One piece of evidence offered by Darwin is found in the science of paleontology. Paleontology deals with locating, cataloging, and interpreting the life forms that existed in past millennia. It is the study of fossils—the bones, shells, teeth, and other remains of organisms, or evidence of ancient organisms, that have survived over eons of time.
Paleontology supports the theory of evolution because it shows a descent of modern organisms from common ancestors. Paleontology indicates that fewer kinds of organisms existed in past eras, and the organisms were probably less complex. As paleontologists descend deeper and deeper into layers of rock, the variety and complexity of fossils decreases. The fossils from the uppermost rock layers are most like current forms. Fossils from the deeper layers are the ancestors of modern forms.
Evidence from geographical distribution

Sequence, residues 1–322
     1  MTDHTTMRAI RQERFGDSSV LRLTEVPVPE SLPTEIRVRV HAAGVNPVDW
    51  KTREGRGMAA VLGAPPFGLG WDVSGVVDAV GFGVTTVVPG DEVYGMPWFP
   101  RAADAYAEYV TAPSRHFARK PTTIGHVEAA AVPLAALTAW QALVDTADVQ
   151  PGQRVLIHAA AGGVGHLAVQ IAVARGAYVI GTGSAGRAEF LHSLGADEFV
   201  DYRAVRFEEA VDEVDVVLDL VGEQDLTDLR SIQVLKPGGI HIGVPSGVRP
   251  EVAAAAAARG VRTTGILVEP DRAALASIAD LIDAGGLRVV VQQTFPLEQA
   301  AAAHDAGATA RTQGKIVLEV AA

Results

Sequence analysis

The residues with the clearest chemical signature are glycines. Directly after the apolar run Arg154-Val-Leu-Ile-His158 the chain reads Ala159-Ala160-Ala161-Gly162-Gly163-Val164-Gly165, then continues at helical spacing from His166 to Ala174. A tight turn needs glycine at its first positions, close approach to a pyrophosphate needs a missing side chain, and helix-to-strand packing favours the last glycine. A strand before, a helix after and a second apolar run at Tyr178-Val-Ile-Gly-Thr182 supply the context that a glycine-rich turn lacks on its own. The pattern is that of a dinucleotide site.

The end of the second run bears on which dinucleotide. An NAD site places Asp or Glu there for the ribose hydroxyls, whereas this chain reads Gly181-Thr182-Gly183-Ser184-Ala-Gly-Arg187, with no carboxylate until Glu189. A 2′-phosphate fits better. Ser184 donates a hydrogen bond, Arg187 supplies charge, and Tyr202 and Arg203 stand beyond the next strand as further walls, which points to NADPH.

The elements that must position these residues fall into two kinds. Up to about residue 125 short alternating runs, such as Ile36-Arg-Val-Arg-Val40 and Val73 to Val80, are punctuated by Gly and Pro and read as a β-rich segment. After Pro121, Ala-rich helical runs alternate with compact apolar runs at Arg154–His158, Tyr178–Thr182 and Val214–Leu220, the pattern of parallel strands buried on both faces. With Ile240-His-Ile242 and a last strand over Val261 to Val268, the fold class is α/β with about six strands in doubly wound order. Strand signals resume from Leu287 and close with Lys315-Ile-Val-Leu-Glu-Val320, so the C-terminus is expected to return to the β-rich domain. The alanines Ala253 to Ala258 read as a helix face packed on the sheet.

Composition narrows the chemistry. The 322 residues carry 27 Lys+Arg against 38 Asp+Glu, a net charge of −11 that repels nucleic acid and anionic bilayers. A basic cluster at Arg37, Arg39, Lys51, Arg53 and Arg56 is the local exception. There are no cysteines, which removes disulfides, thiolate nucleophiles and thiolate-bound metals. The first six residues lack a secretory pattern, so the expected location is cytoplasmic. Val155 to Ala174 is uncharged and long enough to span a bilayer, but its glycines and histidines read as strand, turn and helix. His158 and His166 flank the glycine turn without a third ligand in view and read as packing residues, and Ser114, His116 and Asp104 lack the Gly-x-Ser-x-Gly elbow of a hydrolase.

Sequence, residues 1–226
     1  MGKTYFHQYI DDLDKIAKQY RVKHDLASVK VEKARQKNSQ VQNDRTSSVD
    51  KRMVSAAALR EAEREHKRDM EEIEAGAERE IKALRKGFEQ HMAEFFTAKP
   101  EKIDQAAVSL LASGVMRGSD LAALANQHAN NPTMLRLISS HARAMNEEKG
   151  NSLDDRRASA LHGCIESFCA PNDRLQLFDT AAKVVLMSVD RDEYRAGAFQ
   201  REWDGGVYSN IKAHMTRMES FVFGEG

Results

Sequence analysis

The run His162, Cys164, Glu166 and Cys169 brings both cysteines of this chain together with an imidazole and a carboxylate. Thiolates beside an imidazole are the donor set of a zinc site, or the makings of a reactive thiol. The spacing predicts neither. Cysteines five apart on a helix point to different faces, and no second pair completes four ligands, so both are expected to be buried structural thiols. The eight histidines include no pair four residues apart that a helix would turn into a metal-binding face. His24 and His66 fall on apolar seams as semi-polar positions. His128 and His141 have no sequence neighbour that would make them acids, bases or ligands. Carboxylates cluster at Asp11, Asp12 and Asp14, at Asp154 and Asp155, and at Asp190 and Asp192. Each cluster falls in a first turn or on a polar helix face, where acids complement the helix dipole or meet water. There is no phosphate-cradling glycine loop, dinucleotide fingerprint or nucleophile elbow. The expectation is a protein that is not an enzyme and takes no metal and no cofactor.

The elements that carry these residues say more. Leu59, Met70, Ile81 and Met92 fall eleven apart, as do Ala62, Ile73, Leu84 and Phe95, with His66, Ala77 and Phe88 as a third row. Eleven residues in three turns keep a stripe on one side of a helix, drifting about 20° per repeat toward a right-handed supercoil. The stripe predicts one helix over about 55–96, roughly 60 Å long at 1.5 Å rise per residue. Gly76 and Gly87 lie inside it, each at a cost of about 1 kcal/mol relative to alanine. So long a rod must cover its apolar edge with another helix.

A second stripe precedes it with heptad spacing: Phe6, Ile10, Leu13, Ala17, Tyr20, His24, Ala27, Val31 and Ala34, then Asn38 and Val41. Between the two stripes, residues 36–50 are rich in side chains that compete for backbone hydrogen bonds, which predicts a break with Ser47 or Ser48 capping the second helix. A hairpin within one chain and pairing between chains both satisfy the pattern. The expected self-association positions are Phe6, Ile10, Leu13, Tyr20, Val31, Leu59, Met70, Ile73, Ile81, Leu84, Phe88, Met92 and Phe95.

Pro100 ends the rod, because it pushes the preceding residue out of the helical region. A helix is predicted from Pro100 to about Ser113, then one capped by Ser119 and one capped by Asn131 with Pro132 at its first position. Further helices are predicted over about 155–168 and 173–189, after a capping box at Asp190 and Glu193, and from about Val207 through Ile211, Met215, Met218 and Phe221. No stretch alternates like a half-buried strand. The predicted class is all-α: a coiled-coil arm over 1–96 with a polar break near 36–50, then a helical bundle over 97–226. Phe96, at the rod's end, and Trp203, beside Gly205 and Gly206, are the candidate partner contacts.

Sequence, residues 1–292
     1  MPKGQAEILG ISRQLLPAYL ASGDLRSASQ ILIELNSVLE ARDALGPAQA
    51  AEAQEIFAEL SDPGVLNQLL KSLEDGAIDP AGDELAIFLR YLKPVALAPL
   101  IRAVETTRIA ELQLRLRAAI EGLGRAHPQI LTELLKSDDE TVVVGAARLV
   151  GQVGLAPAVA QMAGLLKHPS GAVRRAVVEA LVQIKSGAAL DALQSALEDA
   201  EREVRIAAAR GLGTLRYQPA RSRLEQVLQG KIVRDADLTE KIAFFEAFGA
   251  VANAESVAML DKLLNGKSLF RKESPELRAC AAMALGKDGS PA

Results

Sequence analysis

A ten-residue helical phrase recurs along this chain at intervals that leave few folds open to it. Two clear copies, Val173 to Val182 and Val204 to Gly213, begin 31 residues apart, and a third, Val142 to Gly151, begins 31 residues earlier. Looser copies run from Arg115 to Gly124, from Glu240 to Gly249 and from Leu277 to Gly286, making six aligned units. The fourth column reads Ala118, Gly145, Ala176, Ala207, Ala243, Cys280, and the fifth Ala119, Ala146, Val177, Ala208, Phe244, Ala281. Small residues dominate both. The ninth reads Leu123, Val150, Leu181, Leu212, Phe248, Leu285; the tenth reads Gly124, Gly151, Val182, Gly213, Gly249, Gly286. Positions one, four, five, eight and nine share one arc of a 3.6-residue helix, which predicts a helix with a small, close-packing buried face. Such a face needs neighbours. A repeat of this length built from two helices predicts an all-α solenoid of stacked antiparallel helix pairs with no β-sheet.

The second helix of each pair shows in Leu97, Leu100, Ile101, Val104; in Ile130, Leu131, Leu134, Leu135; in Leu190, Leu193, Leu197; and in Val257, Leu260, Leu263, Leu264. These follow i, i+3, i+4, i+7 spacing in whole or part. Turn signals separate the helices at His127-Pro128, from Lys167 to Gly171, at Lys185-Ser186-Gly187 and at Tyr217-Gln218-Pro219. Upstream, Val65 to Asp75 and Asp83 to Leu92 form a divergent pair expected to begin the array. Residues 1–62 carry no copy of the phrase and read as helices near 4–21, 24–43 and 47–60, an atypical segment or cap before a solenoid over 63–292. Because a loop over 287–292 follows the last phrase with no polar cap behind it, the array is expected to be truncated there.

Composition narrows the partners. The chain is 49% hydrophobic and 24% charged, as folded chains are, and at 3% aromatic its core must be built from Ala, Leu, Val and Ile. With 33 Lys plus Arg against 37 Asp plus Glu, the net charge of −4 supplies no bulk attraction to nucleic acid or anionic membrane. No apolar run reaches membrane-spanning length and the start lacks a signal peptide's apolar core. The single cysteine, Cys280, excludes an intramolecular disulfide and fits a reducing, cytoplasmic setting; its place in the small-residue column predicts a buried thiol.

Data about the presence or absence of species on various continents and islands (biogeography) can provide evidence of common descent and shed light on patterns of speciation.
All organisms are adapted to their environment to a greater or lesser extent. If the abiotic and biotic factors within a habitat are capable of supporting a particular species in one geographic area, then one might assume that the same species would be found in a similar habitat in a similar geographic area, e.g. in Africa and South America. This is not the case. Plant and animal species are discontinuously distributed throughout the world:
- Africa has Old World monkeys, apes, elephants, leopards, giraffes, and hornbills.
- South America has New World monkeys, cougars, jaguars, sloths, llamas, and toucans.
- Deserts in North and South America have native cacti, but deserts in Africa, Asia, and Australia have succulent native euphorbs that resemble cacti but are very different, even though in some cases cacti have done very well (for example in Australian deserts) when introduced by humans